Sarah Pike (00:29:21):

Yeah. Yeah. No, that’s, it’s interesting. Like, because usually people don’t think about it, but like the way that you’re raised does dictate how you become as an adult and if you’re raised around principles, like the, like the tzedakah, like tikkun olam you’re gonna like, and like holidays where you literally remember pain and suffering and injustices, I think that it does make you more aware of those things around you and it makes you more, I guess, empathetic almost cause it’s like, “remember you were slaves in Egypt”, and then also like everything else that’s happened after that., I think Jewish people are now at a point where a lot of us do blend in, if we’re not Hasidic, into the American culture and it’s like, we have this generational trauma and consciousness about our pasts and remember being othered. And now that we, we can see in other people who can’t hide, right. Not that I hide, but like people who literally can’t hide because of the color of their skin. Or something like that, it’s like a call to help our friends in suffering.

Melissa Bondy (00:30:35):

It’s why I feel like as being Jews in so many ways, we need to be able to work together with other race and ethnic groups because we are suffering in many of the same ways. And in many of the same ways to do this together.

Sarah Pike (00:30:57):


Melissa Bondy (00:30:58):

Yeah. You know, I really feel like we need to, we need to come together in some ways. I mean, you know, it’s the same struggles. Some leaflets, I mean, you’re not gonna believe this, but you know, even here in Palo Alto and in San Francisco, there’s this Gentile network, no voya network. Have you heard about that?

Sarah Pike (00:31:19):

No, but it doesn’t sound good.

Melissa Bondy (00:31:21):

It’s horrible. And they’ve been putting these leaflets of, you know, different people’s names in science like Rochelle Wilensky – Jewish. I mean, I, let me pull up this email. I mean it came and it’s like, unbelievable. And it’s like all these leaders who are, you know, part of COVID, you know, all, and they’re just Jewish, Jewish, Jewish, you know, all of these different people Peter Hoidal – Jewish, you know, anybody who’s been involved, putting their names as being Jewish and it’s like, you know, unbelievable. And it’s like the Jews caused COVID.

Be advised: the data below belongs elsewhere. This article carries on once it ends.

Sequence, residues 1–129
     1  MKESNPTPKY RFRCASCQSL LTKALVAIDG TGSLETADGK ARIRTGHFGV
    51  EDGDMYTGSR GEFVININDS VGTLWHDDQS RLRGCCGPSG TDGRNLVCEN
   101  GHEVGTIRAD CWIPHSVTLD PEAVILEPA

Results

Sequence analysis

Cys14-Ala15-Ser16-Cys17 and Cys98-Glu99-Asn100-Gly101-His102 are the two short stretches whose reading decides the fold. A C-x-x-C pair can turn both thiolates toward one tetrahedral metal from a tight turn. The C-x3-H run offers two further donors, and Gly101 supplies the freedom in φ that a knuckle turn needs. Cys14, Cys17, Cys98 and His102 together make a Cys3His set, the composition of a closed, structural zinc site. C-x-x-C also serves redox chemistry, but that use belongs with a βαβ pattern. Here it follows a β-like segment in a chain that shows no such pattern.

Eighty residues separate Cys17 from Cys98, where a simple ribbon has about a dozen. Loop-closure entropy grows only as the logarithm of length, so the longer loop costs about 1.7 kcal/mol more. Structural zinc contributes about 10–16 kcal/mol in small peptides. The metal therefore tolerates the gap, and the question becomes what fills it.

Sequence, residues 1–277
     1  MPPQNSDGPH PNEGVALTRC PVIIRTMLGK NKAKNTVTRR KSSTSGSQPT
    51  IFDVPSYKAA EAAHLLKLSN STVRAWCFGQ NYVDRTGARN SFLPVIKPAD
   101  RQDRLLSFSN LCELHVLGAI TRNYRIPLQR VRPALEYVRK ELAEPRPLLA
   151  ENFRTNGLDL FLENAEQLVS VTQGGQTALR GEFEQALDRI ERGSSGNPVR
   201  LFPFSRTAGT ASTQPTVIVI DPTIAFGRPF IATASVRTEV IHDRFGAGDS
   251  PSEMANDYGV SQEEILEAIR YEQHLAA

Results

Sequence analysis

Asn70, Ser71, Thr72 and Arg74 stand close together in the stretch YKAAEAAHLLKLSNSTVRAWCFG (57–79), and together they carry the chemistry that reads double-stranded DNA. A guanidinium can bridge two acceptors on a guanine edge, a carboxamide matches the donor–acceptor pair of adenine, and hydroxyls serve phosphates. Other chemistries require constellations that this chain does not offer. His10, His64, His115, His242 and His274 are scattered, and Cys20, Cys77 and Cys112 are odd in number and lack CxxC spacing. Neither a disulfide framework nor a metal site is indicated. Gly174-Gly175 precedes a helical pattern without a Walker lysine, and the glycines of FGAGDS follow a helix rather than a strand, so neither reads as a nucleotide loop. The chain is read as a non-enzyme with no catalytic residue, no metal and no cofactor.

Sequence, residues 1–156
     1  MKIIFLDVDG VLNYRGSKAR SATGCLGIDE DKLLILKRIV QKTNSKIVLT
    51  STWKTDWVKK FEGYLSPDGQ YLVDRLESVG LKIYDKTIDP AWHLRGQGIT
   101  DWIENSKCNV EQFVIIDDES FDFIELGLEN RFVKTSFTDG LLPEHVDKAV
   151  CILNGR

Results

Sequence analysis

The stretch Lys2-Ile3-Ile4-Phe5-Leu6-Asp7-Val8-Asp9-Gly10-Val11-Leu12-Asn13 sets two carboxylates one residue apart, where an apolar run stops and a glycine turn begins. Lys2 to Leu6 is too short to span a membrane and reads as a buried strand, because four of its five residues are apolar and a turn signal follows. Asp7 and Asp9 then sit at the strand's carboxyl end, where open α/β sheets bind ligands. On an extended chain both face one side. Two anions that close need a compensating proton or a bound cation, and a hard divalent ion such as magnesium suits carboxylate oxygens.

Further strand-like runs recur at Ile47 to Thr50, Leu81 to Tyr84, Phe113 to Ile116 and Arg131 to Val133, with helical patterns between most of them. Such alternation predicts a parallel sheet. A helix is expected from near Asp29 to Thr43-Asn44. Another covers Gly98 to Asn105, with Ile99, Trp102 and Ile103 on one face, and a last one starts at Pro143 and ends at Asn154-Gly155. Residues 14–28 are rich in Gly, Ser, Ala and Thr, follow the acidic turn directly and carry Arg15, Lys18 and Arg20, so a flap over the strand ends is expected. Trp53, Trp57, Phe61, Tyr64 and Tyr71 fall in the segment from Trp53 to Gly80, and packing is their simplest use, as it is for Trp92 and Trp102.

Sarah Pike (00:32:04):


Melissa Bondy (00:32:04):

You know, before was the Asians because it started in China, but it’s the same racist stuff and it’s really crazy. And they were putting leaflets that, you know, had all of these names and then Jewish. Yeah. And they put it in San Francisco, they put it in Palo Alto. I mean, it’s unbelievable. And you know, there’s just so much racism and yeah. I mean it’s, it’s really bad. Yeah. Yeah. So do I feel like my Jewishness kind of leads the way for me? I think it, I think it does. Yeah. Do you feel like that for you too?

Sarah Pike (00:32:42):

Yeah. I, I think it’s interesting. It does always circle back to antisemitism somehow. In terms of like something bad happens, it’s gonna come back.

Melissa Bondy (00:32:52):

I read a lot of, I don’t know if you read much, about Holocaust history or you know, anything, but I read too much and it just, you know, and I, and then my daughter, it’s like, she’ll read some of the books in my library and, and it’s like, “mom, I can’t read these. I had to stop reading it.” I told her that she needed to read this book and she said to me, I started reading it mom. And, you know, there was, they’re like vignettes and I thought it was an incredible book. And oh, what’s the name of it? Everybody loves dead Jews. I don’t know if you read that.

Sarah Pike (00:37:42):

Yeah. I, I gotta ask some of these questions circling back to Austin.

Melissa Bondy (00:37:52):

Oh yeah. Let’s go back to Austin so we can finish this. You’ll have to keep in touch with me and send me some stuff.

Sarah Pike (00:37:57):

I definitely will. So something that I’m interested to know, seeing as you do epidemiology, I believe, right? Is why you worked at a print shop twice apparently, you know like yeah. Twice.

Melissa Bondy (00:38:19):

You know, I wasn’t doing epidemiology when I was in college. So my major was psychology and ethnic studies. Okay. And then when I finished and I did, you know, those two cuz I, they were interesting and I was just, you know, I was interested in ethnic studies and I was interested in psychology and I just wanted to get done with college and see what came next. And so that was why I did those majors. And then I went back and took science classes and then I went to public health school and that’s when I did epidemiology. I really liked it. Yeah. So why did I work at a print shop? You know, I actually met my husband working at one. We were involved in a political organization in Madison called the West Constant Alliance and we met over a mimeograph machine. So he taught me how to run a mimeograph machine. You probably don’t even know what one of those is.